Maintaining the illusion

Times Online September 29, 2006

Sometimes I think that being a lawyer is like being a builder. Often, a builder’s own house is full of jobs that need to be done. These jobs are, in fact, destined never to be done, because a builder spends all day building other people’s houses and cannot find the energy to apply hammer and nail in his own domain. Instead, when he gets home he cracks open a lager and watches the football, or, if he is a politically correct sort, reads Pablo Neruda and cooks his partner (male or female) a meal. In short, he does anything to avoid being a builderonce his identity as such has evaporated behind closed doors.

And so it is as a lawyer. When I was a fully paid up member of the profession – rather than the dilettante I have become now – I would do almost anything to escape my role once out of the office. Sometimes I took this policy a little too far and tried to avoid being a lawyer when in the office, where I would read Neruda instead of preparing for court or flirt with secretaries in the secret room where all the secret files were stored. Out of work, such was my common man’s mien that people often confused me with the part-time sheet metal worker who lived at the end of the road, or, when drunk (when, unaccountably, my clothes would fall off in public places), with a putative male stripper. Neither was true. I was simply a lawyer on the run, anxious to cut loose.

But while my own antics may have been indicative of a worryingly schizoid mind that would one day meet with calamity, I shared with many of my brethren a sense of despair when the law was applied to my own life. Yes, I should be able to do the conveyancing myself – after all, I am a highly trained solicitor – but would I? No chance. Get another lawyer to do it. Did I read the small print on agreements to buy cars, scrutinising them for sneaky swindling clauses incorporated by other highly trained members of the profession? Well, I tried, but usually got bored after the first few words and signed on the dotted line. Did I check the terms and conditions of credit card agreements? Not once. What of bank loans? I signed away, to my heart’s and bank manager’s content.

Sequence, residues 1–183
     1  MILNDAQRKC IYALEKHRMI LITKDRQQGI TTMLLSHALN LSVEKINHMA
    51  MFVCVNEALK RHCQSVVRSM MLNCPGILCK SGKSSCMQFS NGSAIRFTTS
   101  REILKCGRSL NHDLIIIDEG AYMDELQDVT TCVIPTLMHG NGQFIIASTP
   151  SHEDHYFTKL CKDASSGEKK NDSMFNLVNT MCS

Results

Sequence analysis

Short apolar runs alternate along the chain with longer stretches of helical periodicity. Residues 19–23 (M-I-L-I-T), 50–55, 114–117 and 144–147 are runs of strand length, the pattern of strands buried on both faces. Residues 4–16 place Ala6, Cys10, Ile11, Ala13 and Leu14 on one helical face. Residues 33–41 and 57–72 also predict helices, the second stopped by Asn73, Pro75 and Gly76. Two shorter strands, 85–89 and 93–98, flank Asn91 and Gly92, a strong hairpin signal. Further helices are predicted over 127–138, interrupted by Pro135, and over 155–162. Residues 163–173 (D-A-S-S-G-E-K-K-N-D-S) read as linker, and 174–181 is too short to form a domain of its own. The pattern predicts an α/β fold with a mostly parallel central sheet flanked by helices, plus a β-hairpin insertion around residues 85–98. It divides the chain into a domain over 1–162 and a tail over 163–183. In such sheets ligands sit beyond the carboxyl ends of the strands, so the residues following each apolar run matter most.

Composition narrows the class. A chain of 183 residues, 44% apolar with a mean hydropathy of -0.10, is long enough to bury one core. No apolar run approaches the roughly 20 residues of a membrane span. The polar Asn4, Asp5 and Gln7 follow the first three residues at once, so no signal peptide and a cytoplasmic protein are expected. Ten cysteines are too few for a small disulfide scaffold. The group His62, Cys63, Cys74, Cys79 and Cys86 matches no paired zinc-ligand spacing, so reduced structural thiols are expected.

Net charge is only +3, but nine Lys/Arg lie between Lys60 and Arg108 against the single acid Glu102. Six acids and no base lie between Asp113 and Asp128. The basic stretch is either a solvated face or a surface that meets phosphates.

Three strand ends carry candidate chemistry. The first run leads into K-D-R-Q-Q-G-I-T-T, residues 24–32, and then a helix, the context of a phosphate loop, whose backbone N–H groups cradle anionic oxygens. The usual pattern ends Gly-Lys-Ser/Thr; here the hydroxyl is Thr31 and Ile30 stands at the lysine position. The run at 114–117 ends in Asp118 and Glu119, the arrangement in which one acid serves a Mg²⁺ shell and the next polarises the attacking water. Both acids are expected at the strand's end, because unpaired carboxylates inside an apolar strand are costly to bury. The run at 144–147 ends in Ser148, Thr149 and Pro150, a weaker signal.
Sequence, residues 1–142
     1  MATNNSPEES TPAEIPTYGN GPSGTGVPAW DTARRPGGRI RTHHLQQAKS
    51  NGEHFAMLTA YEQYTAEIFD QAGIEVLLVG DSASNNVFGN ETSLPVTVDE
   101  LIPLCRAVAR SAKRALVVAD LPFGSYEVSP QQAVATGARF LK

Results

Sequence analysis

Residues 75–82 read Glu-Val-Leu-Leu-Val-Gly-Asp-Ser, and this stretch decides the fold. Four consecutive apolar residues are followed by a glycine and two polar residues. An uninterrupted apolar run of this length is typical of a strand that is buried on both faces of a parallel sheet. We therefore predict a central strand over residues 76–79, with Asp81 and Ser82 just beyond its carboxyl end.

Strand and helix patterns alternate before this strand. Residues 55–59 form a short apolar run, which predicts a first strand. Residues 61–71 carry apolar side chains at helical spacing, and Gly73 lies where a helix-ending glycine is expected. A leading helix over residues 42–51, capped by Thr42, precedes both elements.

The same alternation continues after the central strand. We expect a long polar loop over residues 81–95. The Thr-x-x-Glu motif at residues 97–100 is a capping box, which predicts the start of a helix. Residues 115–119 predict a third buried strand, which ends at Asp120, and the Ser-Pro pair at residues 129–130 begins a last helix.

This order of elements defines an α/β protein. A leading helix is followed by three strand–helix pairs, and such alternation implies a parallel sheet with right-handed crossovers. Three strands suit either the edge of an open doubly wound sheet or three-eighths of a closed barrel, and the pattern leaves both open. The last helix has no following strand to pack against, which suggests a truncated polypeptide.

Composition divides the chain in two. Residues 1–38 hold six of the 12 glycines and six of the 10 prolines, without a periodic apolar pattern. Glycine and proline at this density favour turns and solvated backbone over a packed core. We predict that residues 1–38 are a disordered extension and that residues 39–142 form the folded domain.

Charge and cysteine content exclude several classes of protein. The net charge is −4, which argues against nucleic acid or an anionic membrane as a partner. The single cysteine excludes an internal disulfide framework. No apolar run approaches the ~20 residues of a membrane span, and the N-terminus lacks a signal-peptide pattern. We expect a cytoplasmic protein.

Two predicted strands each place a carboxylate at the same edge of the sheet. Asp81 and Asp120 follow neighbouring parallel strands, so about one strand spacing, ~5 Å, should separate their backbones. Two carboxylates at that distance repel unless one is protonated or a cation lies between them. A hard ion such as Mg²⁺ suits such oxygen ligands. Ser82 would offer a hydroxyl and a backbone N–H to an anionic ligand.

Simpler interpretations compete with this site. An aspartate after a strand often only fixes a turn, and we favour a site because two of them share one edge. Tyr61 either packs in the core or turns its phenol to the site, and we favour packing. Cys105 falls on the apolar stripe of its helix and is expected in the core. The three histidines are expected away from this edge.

This policy of denial did not result in the disasters that might have been expected. Indeed, until a few weeks back so little had come of not bothering to read legal agreements that had any bearing on my life that I began to wonder if the law was a mirage. Could it be that the reams of paper deployed so as to represent the entire agreement and nothing but of a given contractual nexus were worth no more than the recycled paper they were printed on? Surely not, for if that were the case lawyers were an illusion and their efforts no more than the illusory work of a collective of highly paid illusionists.

Needless to say, the law is not an illusion and reading the small print – or, indeed, creating it – can be a useful thing. I learned this in my dealings with an art gallery owner who has just gone into liquidation. He was the most charming of men, and I was happy to help him in a variety of ways, none of them contractually codified. Cometh the liquidation, cometh the liquidators, cometh the bailiffs – and cometh my own claim, among many, for some modest recompense for services rendered.

"Do you have an agreement with Mr X outlining what you did for him?" said a polite woman at the liquidators. No, I’m afraid not, I replied – it was all done on a handshake. "Do you have any invoices?" No, again – there was no need, for surely Mr X would pay. After all, he said he would, didn’t he? "Is there anything in writing to back up what you have told me?" Er, no. "Well, in the absence of any documentary evidence to substantiate your claim I am afraid we cannot entertain it," said the polite woman in an extra-polite way.

I am not talking about thousands, and, indeed, once the liquidators have done their bit I suspect I would be so far down the ranks of creditors that my payment would be virtually negligible. But it is the principle of thing. At least, if I had utilised years of training as a lawyer – if I had applied the kind of advice I have given to clients – I would have drafted an agreement and asked Mr X to sign it. He probably would have done, for charm is as charm does, and my claim would now be being processed. As they say at the National Lottery, you’ve got to be in to win.

But I am not in, and nor will I be, because, like the builder who neglects his own property, I had neither the energy nor the desire to apply the law to my own life. This is not a mistake I intend to make again. For all that the law might be illusory, it is better to work hard to maintain the illusion. There is little worse than a builder whose house has fallen down, especially one sitting amid the ruins reading Pablo Neruda.